Monday, November 23, 2009

Two Old Stocks, Please

Here’s another reason I will never be invited back to speak at the Church As We Know It. I’m not burning these bridges on purpose, or maybe deep in my subconscious I really am, but feel I’m only trying to speak about what makes sense to me now more than ever. Also, I’m not trying to be contrarian for the sake of stirring up controversy. I just look at the practice of my faith in a very different light now.

At the risk of burning in theological hell for this one, I’m really puzzled about the use of bible language to describe the future of church movements. Is it really a good thing to refer to our gatherings as “Acts 29” models, or as “New Testament” churches? Is it best to define what the future needs by going backward instead of forward?

No, I don’t hate the Bible. Just follow me for a few more paragraphs.

I’m not sure why I didn’t think about this in seminary, or in my years of being a part of the Church As We Know It. Maybe it was because I was too close to it all to see how I might be worshiping a sacred cow all because of a culturally held value, instead of a faith-based one. But I have to keep coming back to the words that were recorded of Jesus when he told his followers, “greater things than these you will do, if you have faith in me.” My question that is begged from this statement is: How will looking to recreate what has already happened lead to a movement any greater than the one we are trying to imitate?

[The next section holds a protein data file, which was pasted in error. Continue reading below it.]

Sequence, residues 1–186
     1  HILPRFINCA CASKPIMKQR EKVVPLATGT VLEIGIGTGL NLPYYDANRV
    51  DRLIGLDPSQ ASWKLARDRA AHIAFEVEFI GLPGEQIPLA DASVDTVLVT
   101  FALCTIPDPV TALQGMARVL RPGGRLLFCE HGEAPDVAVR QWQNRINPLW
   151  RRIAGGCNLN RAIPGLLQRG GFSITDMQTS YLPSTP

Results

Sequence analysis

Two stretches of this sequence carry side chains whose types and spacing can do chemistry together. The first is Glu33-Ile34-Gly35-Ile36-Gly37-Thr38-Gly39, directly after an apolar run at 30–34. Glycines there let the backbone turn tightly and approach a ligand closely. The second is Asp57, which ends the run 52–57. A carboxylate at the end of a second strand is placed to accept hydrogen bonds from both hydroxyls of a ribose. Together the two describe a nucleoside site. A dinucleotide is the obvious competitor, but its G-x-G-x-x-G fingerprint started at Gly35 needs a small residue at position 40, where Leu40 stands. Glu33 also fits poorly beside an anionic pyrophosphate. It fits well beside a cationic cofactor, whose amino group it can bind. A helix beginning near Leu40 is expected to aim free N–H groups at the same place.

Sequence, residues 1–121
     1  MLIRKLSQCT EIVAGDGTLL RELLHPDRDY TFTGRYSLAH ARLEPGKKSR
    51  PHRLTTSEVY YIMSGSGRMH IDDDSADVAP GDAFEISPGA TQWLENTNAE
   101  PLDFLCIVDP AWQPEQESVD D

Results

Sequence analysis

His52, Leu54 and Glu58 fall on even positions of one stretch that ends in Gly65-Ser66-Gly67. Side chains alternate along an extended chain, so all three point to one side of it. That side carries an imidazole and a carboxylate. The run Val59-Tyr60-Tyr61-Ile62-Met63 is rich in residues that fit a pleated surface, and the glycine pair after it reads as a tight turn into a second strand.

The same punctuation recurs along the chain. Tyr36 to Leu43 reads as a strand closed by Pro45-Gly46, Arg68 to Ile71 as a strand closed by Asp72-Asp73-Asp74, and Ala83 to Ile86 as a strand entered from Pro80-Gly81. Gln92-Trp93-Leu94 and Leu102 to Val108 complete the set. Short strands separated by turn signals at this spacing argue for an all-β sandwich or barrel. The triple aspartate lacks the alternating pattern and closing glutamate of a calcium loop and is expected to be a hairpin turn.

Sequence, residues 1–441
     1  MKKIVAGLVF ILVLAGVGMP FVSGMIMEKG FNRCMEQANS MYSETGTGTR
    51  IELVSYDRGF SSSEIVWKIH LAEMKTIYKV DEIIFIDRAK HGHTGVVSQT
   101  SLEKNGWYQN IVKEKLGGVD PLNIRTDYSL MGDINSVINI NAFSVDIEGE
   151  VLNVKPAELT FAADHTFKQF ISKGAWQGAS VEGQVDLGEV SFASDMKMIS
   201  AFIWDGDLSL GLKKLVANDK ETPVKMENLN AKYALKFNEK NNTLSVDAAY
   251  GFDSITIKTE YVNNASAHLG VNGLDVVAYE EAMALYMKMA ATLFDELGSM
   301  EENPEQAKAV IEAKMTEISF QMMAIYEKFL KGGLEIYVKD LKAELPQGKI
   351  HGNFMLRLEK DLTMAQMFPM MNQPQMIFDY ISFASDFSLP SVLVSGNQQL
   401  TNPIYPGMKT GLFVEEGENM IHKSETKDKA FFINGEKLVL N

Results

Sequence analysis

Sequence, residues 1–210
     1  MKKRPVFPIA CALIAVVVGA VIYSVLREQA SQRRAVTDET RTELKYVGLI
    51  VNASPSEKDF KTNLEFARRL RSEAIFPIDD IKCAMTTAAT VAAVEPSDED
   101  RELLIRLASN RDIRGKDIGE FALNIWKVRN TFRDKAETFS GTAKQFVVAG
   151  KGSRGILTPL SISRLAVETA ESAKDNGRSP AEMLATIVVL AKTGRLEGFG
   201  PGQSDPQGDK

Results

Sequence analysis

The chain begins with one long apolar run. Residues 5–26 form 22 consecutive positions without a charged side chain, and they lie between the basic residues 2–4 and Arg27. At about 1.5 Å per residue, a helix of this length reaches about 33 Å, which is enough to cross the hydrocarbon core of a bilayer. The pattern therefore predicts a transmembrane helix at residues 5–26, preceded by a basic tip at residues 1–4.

Many of us yearn for awakening. We seek a movement and like to feel we are a part of the next wave that will roll like the tide and change the course of history. I know, I’ve been a part of it, and in some ways, still want it to and believe it can happen. I was convinced that the Passion Movement was going to usher in a cataclysmic event that would affirm Bill Bright’s vision of seeing spiritual awakening in his lifetime. But I was still looking backward, not forward.

Notre Dame Football is a case in point. Guys my age think about the Fighting Irish much differently than the 17-year old high school recruit looking to play football in college. It’s the older folk that want to get their school back in the National Championship hunt by speaking in terms of tradition, core values and past successes. Talented Prep Star doesn’t relate. He’s looking ahead, not behind. Why spend his abilities on a school that seems irrelevant to where he’s going?

We’ve done the same with the Future Pastors. They are the young men and women who show talent, leadership and vision, but instead of giving the keys of the Church of the Future to them, we want them to take over something of ours instead of creating something of their own. And when they don’t show an interest, we mark it up to the flaws in the generation.

Could be the problem lies with us.

Like it or not, Current Pastor, people like this are the future, and they are the ones that are going to replace you.

Both you and Notre Dame are going to have to contend with the future of your existence. Are you going to build a future or continue to create a world that looks like your past? If I were you, I would seriously take a look at the defensiveness my words are stirring up in you. I’m not talking about being relevant or dumbing down the message or diluting the Truth. If that is all you can see of this post, either I’m not being clear or we need to have a few beers together so I can explain what I mean further.

I’ll buy.

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